Wartime production and market strategies on Poverty Row, meanwhile, were still geared to the subsequent-run markets—especially at Monogram and PRC, which continued to struggle simply to break even, despite the war boom. But Republic, always the strongest of the minors, enjoyed annual profits in the half-million-dollar range and thus was able to venture cautiously into A-class production. 19 President Herbert J. Yates replaced Gene Autry with Roy Rogers as Republic’s resident singing cowboy star, and Rogers likewise played himself in an uninterrupted series of near-A formula Westerns. 20 Equally important to Yates’s A-class aspirations was John Wayne, who continued to alternate between loan-outs to the majors and starring roles in high-end Republic productions. His value to the studio was underscored in 1945, when Republic signed Wayne to a star-producer deal which included 10 percent of the gross on his pictures. Yates made other important moves to crack the first-run market in 1945, including deals with the producer-director Frank Borzage and the writer-producer-director Ben Hecht.

The most significant wartime development at Monogram was the production of what were being termed “exploitation pictures,” which Variety defined as “films with some timely or currently controversial subject which can be exploited, capitalized on in publicity and advertising.” These ranged from offbeat actioners like WOMEN IN BONDAGE (1943), about a women’s prison, to topical melodramas like WHERE ARE YOUR CHILDREN ? (1943), an exposé of juvenile delinquency. The most successful of these was DILLINGER (1945), Monogram’s first release to earn over $1 million, and a picture whose graphic violence and glorification of the legendary gangster incurred the wrath of critics and parents’ groups.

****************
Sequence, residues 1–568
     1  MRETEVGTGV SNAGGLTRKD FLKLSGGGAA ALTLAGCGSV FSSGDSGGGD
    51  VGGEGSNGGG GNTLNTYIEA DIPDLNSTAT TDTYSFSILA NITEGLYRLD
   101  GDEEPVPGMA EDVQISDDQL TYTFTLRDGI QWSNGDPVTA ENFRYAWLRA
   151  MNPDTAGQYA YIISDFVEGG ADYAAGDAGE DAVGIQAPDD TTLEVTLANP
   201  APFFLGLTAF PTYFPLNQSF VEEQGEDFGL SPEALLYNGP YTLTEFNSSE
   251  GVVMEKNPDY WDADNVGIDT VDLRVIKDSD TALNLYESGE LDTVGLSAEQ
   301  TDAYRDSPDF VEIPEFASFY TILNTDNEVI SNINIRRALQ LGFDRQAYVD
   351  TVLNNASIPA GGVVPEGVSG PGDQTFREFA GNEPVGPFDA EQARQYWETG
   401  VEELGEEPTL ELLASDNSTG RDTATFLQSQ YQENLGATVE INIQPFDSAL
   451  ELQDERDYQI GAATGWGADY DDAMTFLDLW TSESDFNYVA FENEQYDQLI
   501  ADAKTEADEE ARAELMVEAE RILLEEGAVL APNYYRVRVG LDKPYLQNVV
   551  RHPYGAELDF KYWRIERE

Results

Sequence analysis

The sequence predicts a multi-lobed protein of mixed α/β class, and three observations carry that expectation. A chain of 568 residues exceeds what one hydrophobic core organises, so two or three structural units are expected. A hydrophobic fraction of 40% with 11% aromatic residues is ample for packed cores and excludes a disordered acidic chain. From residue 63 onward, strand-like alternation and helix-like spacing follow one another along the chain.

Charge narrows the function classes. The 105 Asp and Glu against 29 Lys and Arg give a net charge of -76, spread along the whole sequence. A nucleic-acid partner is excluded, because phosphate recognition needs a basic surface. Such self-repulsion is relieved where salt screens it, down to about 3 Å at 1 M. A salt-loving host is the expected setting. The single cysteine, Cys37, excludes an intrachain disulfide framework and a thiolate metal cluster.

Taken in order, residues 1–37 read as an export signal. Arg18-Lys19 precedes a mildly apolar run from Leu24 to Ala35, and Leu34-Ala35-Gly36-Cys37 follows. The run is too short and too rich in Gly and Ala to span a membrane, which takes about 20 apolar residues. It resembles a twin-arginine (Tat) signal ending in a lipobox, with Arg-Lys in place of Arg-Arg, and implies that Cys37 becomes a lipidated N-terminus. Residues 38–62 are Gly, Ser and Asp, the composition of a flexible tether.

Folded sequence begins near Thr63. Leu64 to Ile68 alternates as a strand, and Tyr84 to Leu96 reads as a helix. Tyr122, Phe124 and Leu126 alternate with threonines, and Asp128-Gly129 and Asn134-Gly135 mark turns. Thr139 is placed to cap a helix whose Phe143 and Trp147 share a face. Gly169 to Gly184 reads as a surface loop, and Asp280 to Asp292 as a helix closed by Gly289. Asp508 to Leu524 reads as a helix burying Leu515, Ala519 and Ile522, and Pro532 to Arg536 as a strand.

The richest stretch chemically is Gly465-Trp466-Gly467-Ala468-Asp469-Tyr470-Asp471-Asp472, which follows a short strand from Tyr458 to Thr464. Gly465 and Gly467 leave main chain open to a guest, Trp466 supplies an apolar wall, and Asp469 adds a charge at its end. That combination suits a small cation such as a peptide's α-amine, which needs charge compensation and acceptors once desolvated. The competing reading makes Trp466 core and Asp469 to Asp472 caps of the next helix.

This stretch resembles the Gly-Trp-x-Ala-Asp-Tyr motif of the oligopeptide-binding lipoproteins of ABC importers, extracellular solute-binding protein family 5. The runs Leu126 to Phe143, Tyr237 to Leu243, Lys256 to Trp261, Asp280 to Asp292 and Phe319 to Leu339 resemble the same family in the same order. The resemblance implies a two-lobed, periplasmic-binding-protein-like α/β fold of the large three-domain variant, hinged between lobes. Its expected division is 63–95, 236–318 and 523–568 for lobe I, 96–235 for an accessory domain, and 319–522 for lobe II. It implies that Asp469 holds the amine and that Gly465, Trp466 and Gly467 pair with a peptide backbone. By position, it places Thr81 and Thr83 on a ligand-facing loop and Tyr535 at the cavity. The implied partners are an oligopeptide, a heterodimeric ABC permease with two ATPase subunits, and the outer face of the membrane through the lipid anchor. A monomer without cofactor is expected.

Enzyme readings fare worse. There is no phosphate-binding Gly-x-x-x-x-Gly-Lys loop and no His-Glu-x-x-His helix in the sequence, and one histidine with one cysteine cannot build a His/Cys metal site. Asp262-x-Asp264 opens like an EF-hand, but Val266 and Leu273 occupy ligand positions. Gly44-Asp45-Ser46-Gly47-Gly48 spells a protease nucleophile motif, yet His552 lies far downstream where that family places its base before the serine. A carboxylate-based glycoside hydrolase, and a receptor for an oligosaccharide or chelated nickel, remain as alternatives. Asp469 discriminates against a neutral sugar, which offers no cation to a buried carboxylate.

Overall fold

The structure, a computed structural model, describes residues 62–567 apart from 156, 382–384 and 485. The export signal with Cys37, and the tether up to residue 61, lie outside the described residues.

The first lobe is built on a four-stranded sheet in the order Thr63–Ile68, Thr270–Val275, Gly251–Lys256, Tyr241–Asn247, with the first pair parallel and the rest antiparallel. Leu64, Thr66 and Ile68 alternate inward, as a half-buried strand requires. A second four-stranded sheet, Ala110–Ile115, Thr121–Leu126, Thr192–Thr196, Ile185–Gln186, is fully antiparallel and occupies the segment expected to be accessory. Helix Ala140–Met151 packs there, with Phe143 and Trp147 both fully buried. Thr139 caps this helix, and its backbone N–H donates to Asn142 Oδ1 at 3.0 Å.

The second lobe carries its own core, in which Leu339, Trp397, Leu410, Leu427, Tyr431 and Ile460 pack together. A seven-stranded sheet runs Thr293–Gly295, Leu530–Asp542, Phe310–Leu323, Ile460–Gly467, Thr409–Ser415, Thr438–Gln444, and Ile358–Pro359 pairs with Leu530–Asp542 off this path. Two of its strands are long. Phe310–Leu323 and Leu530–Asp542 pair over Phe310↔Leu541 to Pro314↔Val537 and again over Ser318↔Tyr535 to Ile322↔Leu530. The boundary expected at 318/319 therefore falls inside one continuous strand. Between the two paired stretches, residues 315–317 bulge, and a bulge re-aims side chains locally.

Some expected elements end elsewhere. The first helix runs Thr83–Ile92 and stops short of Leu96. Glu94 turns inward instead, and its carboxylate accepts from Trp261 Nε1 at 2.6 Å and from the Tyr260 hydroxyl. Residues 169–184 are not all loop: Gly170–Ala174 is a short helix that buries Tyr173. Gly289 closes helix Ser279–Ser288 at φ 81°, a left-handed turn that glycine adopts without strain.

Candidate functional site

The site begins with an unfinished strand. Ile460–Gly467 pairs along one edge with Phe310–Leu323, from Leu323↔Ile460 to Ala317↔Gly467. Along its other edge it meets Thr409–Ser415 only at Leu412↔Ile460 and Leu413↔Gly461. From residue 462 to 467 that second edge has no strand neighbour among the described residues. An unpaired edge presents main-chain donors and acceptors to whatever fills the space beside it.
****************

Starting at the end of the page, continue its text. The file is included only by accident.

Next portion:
PRC made some efforts to upgrade its product line during the war, but it continued to specialize in exceptionally low-budget Westerns (some shot in only two to three days), along with its signature B-grade crime dramas and actioners. While none of these broke through commercially on the scale of DILLINGER , several PRC pictures directed by Edgar G. Ulmer were modest hits and have become minor classics, including offbeat musicals like JIVE JUNCTION (1943) and CLUB HAVANA (1945) provocative thrillers like STRANGE ILLUSION and DETOUR (both 1945).


The integrated majors saw radical changes during the war, owing primarily to the volatile market conditions and the increased importance and clout of producers and top talent. Perhaps the single most important development was the sharp acceleration of unit production and hyphenate status for above-the-line contract talent. While these changes had considerable impact on production management, studio management—executive control of the company at large—changed very little. In fact, the war boom reinforced the Big Five’s established hierarchy of executive power, with ultimate studio authority still residing in the New York office.